Concern arises due to tax instability in Zambia


The proposed mining tax increases in Zambia would destabilise Africa’s second biggest copper industry, companies said on Thursday, a further warning to investors already concerned about the country’s mounting debt.

Several mines would become unprofitable if the tax plans were implemented with overall copper production likely to fall, Zambia Chamber of Mines President Nathan Chishimba said.

A number of companies have already halted expansion plans since Zambia announced new mining duties and an increase in royalties to help bring down mounting debt on Friday, Chishimba said.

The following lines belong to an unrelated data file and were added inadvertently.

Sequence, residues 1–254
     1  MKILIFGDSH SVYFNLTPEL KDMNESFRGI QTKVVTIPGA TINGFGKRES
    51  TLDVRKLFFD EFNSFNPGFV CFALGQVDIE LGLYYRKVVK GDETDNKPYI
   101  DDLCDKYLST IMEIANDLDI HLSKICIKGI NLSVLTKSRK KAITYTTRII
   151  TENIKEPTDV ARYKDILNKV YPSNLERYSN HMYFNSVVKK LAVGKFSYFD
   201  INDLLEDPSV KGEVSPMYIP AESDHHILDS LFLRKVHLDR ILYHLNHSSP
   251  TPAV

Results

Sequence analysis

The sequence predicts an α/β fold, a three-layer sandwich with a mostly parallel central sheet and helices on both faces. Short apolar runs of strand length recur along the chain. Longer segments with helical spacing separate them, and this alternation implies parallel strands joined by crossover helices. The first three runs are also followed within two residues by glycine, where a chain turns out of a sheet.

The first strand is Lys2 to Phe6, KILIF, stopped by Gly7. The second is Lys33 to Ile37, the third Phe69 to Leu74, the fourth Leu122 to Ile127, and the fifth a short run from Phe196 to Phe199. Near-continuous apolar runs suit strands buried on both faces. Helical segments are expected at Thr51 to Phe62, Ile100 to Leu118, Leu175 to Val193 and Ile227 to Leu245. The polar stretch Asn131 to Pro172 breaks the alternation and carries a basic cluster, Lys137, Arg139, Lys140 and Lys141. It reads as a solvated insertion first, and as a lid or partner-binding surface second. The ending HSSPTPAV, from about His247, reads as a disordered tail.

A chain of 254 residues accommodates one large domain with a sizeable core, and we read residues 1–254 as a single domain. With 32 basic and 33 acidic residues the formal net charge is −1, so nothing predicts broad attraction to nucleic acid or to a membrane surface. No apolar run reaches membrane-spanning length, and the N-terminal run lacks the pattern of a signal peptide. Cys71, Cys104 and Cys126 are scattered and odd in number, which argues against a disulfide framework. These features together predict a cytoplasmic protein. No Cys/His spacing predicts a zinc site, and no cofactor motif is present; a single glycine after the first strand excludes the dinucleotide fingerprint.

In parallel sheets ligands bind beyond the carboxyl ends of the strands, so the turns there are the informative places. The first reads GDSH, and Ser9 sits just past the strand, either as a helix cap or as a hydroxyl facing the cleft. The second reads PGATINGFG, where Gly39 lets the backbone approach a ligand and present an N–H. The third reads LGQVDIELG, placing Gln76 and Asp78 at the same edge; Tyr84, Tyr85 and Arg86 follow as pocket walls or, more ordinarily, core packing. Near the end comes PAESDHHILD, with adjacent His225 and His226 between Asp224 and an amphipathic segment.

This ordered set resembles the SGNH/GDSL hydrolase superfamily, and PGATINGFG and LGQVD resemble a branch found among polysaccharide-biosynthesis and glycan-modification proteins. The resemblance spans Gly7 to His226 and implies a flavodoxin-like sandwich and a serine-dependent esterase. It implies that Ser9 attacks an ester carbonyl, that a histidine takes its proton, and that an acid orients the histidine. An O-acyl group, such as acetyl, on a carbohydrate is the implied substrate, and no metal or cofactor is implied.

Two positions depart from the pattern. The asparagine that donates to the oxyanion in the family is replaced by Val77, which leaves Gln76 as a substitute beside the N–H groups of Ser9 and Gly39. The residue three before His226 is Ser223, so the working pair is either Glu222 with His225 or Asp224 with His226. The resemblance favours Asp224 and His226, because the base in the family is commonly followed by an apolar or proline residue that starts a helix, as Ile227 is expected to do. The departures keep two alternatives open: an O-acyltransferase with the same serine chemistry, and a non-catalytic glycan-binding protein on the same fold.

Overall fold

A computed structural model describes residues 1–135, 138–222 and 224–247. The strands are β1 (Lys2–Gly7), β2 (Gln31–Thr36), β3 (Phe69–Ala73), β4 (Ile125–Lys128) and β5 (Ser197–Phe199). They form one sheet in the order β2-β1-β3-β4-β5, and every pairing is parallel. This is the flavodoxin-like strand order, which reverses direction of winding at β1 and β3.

Zambia’s copper industry unfairly benefits foreign companies like First Quantum, Glencore and Vedanta Resources, while millions of its citizens suffer without basic services.

Chishimba said attracting investment was the only way to boost growth and increase government revenue. Mining contributes more than 70 percent of Zambia’s foreign exchange revenue.

Concerns about Zambia’s rising debt, alongside accusations of additional hidden borrowing and government corruption, have spooked investors and Western donors in recent months.¬†Talks about an aid package, have been put on hold by the IMF due to Zambia’s debts that are currently unstable.



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